The captain sighed in reluctance as the wooden doors were opened by two armed guards, one on either side. His body became stiff as he marched slowly into the throne room. "Enter, my child," the familiar voice hissed. "And report."
"He has eluded us, my Lord."
"That disappoints me, my child," he coolly replied. The captain bent down on one knee as he approached the Dark One's throne. Mørkt looked down at his foolish captain, expressionless. He clutched his infamous orb, which clung around his neck like a leach to its prey, still staring, always staring.
"My Lord," the captain said slowly, "forgive me for my unwise choice. Let me correct my error."
"My child," the Dark One replied, "Mørkt has been very patient thus far. I grow tired. But you shall indeed correct your error." The captain looked perplexed at Mørkt's third-person reference, but said nothing. Mørkt then whipped his left hand around in a counterclockwise circle. The captain screamed in pain as his flesh burned away, leaving his skeletal structure standing, as if being held up by a line. Mørkt Servio flipped his fingers upwards, making the strange force holding up the captain's skeleton vanish, causing it to drop to the ground rather unceremoniously. Once it fell, it began to quickly decompose. Servio bent over what was now nothing more than ash. "You are forgiven," the Dark One said, blowing the ash away with its cold, heartless breath.
The boy's birth had been especially jubilant. His father was well at that time. That was before the priest had come to save him. His mother was a gentle creature, full of the magic long forgotten. She kept it from her husband. She loved him as a man, but knew he could not understand the depth of her gifts. When she gave birth in the old way, she blessed her son with some of her gifts. But no one knew this, only she. Yet somehow people knew he was special. The great King Calamon himself had visited his birth ceremony. "What name have you bestowed upon the lad?" Calamon had asked curiously. And the answer came: Cornelius.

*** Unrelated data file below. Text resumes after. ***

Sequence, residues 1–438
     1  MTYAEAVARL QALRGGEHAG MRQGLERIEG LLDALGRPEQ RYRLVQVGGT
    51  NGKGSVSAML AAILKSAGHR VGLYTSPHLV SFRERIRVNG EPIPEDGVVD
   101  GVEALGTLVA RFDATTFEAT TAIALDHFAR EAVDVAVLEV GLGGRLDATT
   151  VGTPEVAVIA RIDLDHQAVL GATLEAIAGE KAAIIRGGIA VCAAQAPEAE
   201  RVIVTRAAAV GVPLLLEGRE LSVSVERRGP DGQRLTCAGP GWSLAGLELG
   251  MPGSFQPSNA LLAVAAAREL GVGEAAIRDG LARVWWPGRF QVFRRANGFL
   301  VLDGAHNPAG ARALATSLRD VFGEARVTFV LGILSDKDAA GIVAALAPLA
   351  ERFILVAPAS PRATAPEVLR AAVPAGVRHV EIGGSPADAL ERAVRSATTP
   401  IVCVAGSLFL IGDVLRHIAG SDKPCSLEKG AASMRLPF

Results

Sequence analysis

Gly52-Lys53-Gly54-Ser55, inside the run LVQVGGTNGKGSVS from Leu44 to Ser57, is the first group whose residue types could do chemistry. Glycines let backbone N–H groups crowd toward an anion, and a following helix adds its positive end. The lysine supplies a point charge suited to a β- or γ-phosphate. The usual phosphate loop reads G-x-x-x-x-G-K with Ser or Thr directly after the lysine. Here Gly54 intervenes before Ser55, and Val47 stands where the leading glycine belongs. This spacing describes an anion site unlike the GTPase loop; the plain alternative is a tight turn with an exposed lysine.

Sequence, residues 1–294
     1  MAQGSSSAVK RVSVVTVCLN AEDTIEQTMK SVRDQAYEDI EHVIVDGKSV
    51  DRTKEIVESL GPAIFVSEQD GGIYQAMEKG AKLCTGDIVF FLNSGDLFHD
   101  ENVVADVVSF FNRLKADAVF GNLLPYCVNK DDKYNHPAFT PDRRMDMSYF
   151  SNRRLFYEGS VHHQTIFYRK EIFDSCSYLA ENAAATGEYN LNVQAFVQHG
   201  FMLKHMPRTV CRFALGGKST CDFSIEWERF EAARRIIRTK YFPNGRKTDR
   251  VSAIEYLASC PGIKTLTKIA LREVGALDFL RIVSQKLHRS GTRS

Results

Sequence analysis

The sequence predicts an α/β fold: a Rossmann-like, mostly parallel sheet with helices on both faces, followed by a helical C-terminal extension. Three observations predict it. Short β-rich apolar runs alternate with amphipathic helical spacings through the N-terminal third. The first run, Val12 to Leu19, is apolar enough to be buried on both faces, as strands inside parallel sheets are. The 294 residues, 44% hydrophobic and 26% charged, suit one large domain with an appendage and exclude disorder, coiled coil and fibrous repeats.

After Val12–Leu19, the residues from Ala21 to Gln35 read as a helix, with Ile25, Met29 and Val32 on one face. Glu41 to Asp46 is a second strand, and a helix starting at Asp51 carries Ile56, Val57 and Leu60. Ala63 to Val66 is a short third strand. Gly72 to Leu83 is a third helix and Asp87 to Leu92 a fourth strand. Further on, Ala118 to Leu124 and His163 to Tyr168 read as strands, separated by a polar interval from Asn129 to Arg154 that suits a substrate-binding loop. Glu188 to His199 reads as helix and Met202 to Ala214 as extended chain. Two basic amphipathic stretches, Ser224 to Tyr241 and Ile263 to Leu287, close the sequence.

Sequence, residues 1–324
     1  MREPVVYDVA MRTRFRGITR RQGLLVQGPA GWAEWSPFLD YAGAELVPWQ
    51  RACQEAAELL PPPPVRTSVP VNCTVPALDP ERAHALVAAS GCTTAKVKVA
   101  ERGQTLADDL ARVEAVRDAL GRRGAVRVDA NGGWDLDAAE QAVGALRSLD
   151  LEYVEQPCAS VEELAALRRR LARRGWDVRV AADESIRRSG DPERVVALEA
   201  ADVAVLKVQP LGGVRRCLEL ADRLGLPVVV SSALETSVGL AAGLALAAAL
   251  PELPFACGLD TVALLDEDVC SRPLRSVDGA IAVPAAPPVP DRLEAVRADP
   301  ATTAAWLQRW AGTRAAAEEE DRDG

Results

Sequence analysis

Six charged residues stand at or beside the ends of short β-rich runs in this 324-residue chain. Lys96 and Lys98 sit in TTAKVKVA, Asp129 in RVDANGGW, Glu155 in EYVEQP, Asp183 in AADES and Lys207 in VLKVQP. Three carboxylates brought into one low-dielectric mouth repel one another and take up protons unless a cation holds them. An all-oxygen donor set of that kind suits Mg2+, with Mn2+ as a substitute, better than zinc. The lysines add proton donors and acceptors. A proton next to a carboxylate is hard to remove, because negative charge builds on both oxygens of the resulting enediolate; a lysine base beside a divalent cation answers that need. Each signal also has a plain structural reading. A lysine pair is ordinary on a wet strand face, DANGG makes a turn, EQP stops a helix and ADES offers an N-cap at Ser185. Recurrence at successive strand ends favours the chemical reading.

At his crib, she would whisper to him words of the Old Ways, before the holy wars. She told him of the rule of three, and the old Rede. An' it harm none, do what thou wilt. She secreted into his mind the knowledge that she believed to be true. As the boy grew older, she began to sense the power in him, beyond the power she had bestowed. She winced the more she felt it. The boy had the power of a mage, but that meant.. No, it couldn't be. Not her son. She had seen him play with the other little girls, even stealing a boyish kiss. Mages were milis súile. Her great-uncle had been a mage, and had never known true joy without his anam cathram.
That was why she had taken her son out for a stroll one evening. They walked happily, watching the sun's pinkish colors fade into the horizon as it set. "Cor, you're not like other boys." He stood in silence, watching the sun. "You have a gift. You can harness power and use it - for good or for evil. But beyond that gift, you are a mage. It is in your blood, though I wish you didn't have to endure it. The Goddess has chosen you to do enormous things. Things no man should have to endure. Your power will be greater than mine." She sighed heavily, a tear dripping down her cheek. "And you will know great sadness. With your gift comes milis súile. That means you shall never have a wife." She began to look about her at the breeze calmly blew her hair. It was quiet.. no birds were chirping. Something was wrong.